Fortnight For Freedom: Hobby Lobby

 

 

Fortnight For Freedom 2014

Burwell v. Hobby Lobby Stores, go here to read the decision, rested upon the Court’s interpretation of this section of the Religious Freedom Restoration Act of 1993:

a) In general

Government shall not substantially burden a person’s exercise of religion even if the burden results from a rule of general applicability, except as provided in subsection (b) of this section.
(b) Exception

Government may substantially burden a person’s exercise of religion only if it demonstrates that application of the burden to the person—
(1) is in furtherance of a compelling governmental interest; and
(2) is the least restrictive means of furthering that compelling governmental interest.
(c) Judicial relief

A person whose religious exercise has been burdened in violation of this section may assert that violation as a claim or defense in a judicial proceeding and obtain appropriate relief against a government. Standing to assert a claim or defense under this section shall be governed by the general rules of standing under article III of the Constitution.
Ironically this Act was sparked by a Supreme Court decision Employment Division v. Smith, where the Supreme Court upheld a decision of the State of Oregon to deny unemployment benefits to two Indians fired from their jobs at a rehab center due to testing positive for Mescaline.  The Indians claimed that they tested positive for Mescaline due to using peyote in a religious ceremony.  To redress this decision and other infringements on religious liberty, the Religious Freedom Restoration Act of 1993 passed unanimously in the House and with only three dissenting votes in the Senate.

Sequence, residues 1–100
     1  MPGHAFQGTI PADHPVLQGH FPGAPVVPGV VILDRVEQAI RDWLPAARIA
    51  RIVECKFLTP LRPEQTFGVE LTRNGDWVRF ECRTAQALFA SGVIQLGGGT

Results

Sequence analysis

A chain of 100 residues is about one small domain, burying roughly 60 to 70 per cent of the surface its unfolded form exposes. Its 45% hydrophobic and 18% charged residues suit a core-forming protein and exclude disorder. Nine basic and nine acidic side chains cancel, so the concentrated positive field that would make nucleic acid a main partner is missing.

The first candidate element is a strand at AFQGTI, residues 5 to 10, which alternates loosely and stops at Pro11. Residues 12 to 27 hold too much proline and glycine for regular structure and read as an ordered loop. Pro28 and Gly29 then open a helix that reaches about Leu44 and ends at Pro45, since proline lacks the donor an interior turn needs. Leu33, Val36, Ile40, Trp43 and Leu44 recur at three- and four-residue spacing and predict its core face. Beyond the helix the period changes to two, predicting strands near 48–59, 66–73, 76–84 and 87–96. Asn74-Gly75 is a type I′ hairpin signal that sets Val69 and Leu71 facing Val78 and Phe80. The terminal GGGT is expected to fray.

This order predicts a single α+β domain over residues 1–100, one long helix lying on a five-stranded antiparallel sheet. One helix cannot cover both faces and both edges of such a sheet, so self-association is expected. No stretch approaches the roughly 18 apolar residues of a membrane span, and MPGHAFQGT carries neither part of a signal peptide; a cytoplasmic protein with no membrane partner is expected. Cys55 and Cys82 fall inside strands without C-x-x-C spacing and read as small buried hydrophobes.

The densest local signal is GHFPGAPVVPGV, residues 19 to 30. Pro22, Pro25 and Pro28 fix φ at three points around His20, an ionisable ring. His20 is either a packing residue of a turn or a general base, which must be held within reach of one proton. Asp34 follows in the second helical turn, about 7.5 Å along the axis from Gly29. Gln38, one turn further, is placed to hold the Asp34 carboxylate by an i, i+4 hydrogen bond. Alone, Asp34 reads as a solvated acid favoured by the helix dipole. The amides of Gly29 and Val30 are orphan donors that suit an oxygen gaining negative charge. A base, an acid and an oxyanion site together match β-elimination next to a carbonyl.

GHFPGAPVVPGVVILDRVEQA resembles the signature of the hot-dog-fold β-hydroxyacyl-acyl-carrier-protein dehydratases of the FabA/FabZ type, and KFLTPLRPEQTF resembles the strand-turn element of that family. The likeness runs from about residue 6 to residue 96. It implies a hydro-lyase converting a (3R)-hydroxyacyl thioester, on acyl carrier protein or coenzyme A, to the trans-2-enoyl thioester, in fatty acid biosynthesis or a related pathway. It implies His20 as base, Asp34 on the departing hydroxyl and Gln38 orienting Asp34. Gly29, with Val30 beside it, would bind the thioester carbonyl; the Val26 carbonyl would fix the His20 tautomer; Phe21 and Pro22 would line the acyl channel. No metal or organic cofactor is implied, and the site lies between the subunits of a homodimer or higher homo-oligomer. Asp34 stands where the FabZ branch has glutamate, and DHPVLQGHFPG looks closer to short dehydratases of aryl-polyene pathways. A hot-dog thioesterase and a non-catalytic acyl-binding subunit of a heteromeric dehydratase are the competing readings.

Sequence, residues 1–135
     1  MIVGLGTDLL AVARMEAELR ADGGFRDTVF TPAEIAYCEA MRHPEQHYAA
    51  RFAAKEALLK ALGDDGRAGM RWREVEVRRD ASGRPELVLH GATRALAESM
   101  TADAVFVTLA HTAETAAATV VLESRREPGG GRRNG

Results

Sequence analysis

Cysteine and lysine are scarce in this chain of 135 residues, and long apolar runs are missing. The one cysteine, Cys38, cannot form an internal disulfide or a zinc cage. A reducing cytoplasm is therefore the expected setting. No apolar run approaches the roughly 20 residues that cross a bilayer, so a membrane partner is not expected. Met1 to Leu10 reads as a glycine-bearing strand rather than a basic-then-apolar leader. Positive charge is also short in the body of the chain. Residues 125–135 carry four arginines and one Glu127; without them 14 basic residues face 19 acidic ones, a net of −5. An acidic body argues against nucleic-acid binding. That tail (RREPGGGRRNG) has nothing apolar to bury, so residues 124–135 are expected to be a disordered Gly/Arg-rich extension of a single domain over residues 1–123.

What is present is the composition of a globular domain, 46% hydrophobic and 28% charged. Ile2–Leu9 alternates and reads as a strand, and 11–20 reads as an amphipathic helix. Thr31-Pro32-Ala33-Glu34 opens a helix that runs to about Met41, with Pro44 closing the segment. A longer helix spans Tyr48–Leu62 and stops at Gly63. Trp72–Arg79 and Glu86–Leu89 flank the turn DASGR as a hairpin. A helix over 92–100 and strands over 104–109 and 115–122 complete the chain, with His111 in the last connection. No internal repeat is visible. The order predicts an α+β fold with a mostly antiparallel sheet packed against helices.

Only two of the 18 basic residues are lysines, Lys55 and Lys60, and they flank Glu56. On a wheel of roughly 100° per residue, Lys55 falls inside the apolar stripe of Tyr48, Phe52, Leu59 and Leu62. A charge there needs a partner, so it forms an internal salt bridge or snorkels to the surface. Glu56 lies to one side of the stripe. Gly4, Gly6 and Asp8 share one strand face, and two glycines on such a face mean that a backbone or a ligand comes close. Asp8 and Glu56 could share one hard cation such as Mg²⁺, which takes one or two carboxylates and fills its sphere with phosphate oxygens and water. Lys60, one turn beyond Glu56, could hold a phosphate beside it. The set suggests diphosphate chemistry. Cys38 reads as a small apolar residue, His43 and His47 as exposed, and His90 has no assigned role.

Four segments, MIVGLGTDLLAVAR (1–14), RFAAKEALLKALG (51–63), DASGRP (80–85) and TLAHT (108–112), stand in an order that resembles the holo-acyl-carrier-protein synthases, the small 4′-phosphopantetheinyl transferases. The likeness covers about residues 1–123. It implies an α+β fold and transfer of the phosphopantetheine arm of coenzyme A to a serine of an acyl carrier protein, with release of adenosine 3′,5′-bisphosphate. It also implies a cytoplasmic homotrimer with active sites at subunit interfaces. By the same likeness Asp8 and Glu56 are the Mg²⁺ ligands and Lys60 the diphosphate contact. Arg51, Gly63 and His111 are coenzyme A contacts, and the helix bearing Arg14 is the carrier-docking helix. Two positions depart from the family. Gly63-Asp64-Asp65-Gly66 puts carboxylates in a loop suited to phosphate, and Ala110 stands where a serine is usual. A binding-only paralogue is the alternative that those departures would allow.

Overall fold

The main issue to be decided by the Court was whether the Act applied to corporations.  The Court ruled that it did to closely held corporations, that is to corporations whose stock is not publicly traded.  The Court declined to rule on whether mandating that employers pay for contraception is a compelling government interest, but found that the contraceptive mandate failed on the prong of the Act requiring that the government action be the least burdensome way, in regard to infringement on religious liberty, for it to accomplish its goal.  The Court mused that the government could have simply decided to pay directly for the contraception coverage, but held that the rule promulgated by HHS that allows religious non-profits to opt out of coverage by certifying that the coverage violates its religious principles, indicated that a less burdensome option could have been crafted for for-profit closely held corporations with religious scruples.  Thus the contraceptive mandate was held to be in violation of the law as applied to Hobby Lobby and Conestoga Wood Specialties.
Although painted by the media as a case involving contraception, the case actually was an abortion case, as the objection was to contraceptives that acted as abortifacients.